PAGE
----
And when you have rule of law, you can't judge people as groups - you can only pin infractions or grievances on individuals. "Group Justice" went out of favour as a legal principle in WWII.

Re:Overstated, not completely false, though. (1)

dangitman (862676) | about 5 years ago | (#29736479)

I'm interesting...

Not as much as you think you are.

Re:Overstated, not completely false, though. (1)

Valdrax (32670) | about 5 years ago | (#29736609)

I'm interesting...

Not as much as you think you are.

Well played, dangitman. Well played.

Re:Overstated, not completely false, though. (1)

Nefarious Wheel (628136) | about 5 years ago | (#29737427)

The comment about him being "less than forthcoming" also makes me wonder

Heh... Translation: They haven't found anything in his background they could use for blackmail.

Re:I am shocked! (0)

sumdumass (711423) | about 5 years ago | (#29734895)

Isn't the exaggeration by RIAA's lawyers what got Ray to start the blog in the first place? I think this is a situation of life imitating art gone full circle with the bonus of proving the starting point in the end.

who's vexatious? (3, Informative)

quercus.aeternam (1174283) | about 5 years ago | (#29734533)

Levy also ruled that the RIAA, which has sued 30,000 individuals, was not a vexatious litigant, shooting down Beckerman’s counter-complaint against his courtroom opponents.

As is not unusual, the editors seem to have missed the fact that NewYorkCountryLawyer is not a litigant - though they are correct in stating that the complaints against him have been dropped.

Re:who's vexatious? (3, Informative)

quercus.aeternam (1174283) | about 5 years ago | (#29734601)

For those who dared not taint their eyes with a quote from TFA, I will further clarify: NewYorkCountryLawyer was not accused of being vexatious.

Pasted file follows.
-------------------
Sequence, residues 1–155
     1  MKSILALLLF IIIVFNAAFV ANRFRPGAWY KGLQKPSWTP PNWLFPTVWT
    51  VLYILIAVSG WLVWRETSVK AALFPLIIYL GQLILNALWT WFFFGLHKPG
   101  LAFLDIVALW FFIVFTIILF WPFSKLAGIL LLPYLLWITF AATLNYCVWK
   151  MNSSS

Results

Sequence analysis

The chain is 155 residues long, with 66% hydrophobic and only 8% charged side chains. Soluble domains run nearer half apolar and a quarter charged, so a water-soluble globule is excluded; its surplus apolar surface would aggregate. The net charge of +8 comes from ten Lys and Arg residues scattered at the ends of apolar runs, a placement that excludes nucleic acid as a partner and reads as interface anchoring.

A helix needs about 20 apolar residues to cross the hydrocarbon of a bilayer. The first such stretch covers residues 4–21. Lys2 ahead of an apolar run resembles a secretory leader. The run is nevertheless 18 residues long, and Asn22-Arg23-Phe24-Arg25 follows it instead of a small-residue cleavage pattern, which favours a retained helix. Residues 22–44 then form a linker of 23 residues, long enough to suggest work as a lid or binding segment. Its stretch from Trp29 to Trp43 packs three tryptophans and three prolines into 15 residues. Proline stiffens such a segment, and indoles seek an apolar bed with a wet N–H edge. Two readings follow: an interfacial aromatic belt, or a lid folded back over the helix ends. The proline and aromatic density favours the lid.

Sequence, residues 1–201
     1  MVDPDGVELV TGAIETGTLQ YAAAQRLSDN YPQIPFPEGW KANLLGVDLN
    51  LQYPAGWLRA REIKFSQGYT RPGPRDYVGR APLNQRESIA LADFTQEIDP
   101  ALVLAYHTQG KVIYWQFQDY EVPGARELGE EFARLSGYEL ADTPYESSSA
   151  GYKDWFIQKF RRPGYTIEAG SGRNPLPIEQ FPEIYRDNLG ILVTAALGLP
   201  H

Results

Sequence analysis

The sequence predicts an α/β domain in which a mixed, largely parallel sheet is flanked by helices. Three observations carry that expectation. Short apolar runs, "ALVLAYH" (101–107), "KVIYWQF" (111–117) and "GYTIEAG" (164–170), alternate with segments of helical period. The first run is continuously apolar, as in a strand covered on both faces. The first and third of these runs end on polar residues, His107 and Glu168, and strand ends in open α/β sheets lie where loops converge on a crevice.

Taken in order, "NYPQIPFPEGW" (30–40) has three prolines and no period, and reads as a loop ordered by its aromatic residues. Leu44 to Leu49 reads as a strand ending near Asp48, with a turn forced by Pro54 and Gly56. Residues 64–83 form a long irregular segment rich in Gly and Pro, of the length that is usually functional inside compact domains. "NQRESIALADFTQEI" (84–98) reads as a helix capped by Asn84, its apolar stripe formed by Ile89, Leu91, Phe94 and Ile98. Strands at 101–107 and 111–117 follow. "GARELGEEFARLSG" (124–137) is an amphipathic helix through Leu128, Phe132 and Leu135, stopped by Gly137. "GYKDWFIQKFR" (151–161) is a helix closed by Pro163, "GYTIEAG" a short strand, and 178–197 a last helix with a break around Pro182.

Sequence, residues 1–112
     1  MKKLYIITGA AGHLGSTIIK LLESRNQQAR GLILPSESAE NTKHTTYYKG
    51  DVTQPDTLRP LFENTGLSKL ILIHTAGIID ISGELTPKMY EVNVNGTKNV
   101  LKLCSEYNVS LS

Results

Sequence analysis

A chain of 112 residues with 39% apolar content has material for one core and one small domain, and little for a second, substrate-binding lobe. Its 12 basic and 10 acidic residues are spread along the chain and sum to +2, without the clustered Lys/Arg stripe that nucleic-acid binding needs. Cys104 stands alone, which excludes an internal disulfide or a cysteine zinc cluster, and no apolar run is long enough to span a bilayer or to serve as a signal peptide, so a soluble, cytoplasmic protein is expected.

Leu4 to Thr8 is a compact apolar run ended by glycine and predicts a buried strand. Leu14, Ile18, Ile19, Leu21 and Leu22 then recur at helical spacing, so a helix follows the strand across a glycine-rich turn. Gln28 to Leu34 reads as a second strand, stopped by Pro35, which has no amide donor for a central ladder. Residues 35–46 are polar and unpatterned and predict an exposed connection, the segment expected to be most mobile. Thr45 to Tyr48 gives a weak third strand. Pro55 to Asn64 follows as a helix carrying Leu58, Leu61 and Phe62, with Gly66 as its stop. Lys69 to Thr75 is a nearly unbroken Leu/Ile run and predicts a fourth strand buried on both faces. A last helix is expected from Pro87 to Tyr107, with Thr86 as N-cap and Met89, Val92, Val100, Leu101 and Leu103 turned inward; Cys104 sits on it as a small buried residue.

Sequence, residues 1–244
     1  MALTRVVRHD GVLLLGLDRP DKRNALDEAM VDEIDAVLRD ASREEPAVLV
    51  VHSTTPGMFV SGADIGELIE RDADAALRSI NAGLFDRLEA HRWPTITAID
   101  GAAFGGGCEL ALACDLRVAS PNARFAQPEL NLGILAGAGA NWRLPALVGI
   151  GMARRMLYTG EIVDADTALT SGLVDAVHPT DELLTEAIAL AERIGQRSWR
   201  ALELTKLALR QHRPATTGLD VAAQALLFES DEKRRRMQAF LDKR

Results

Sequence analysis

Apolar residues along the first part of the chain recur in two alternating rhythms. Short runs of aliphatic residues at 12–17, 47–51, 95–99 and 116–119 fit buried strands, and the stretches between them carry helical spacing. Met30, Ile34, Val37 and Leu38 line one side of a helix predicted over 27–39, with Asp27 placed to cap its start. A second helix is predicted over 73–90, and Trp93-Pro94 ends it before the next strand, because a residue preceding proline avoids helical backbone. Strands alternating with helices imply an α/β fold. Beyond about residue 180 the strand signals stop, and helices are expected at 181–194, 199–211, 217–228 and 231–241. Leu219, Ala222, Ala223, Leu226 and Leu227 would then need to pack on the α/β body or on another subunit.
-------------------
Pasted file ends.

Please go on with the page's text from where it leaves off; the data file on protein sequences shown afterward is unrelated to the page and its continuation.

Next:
Also, my statement that the complaints against him were dropped is not entirely accurate, as the judge dismissed both sides' complaints.

Re:who's vexatious? (5, Informative)

RIAAShill (1599481) | about 5 years ago | (#29734799)

For those who dared not taint their eyes with a quote from TFA, I will further clarify: NewYorkCountryLawyer was not accused of being vexatious.

The decision [beckermanlegal.com] said that, "[a]ccording to plaintiffs . . . counsel 'intentionally provided false information, attempted to misdirect Plaintiffs as to relevant facts and events, and concealed critical information and evidence regarding the infringement at issue,' unreasonably and vexatiously multiplying this litigation and severely prejudicing plaintiffs' ability to learn the critical facts." The complaint sought monetary sanctions under 28 U.S.C. Sec. 1927 [cornell.edu] , which only allows for sanctions if the accused attorney "multiplies the proceedings in any case unreasonably and vexatiously ."

Re:who's vexatious? (1)

quercus.aeternam (1174283) | about 5 years ago | (#29734867)

Oh, going and doing some independent research, huh? Well, umm... thanks ;)

Re:who's vexatious? (3, Insightful)

RIAAShill (1599481) | about 5 years ago | (#29735005)

Oh, going and doing some independent research, huh? Well, umm... thanks ;)

Well, not that independent. The decision was the first link in the article. Instead of reading the article, I just read the decision. When I saw your post, I went back to it and searched for vexatious to see if you what you said was accurate.

It seems like a decent opinion. The decision to levy sanctions should not be taken lightly. Neither plaintiffs nor defendants should be discouraged from exercising their legal rights.

Re:who's vexatious? (1)

bughunter (10093) | about 5 years ago | (#29735041)

Interesting. According to Wired, motion to sanction was filed a year ago [wired.com] and has been awaiting a decision the entire time.

The last line of the linked article reads, "Expect a ruling on the RIAA's motion for sanctions soon."

OK. [checks watch] For future reference, Soon = 11 months in legalese.

Re:who's vexatious? (1)

RIAAShill (1599481) | about 5 years ago | (#29735269)

The last line of the linked article reads, "Expect a ruling on the RIAA's motion for sanctions soon."

Judge Trager did act on the plaintiff and defendant motions quickly. In December he referred [beckermanlegal.com] the motions to Magistrate Judge Levy. You don't think that saying "my decision is . . . probably whatever this guy decides" counts as a decision?

Re:who's vexatious? (1)

Volante3192 (953645) | about 5 years ago | (#29735351)

Still, that's faster than a Soon(tm) from Blizzard.

Re:who's vexatious? (1)

Coren22 (1625475) | about 5 years ago | (#29735689)

or 3D Realms...I've been waiting Forever for their new game...

Re:who's vexatious? (1)

micheas (231635) | about 5 years ago | (#29737217)

In California there seem to be three judges assigned to most civil cases.

The Trial judge that will issue the ruling about the case and so on.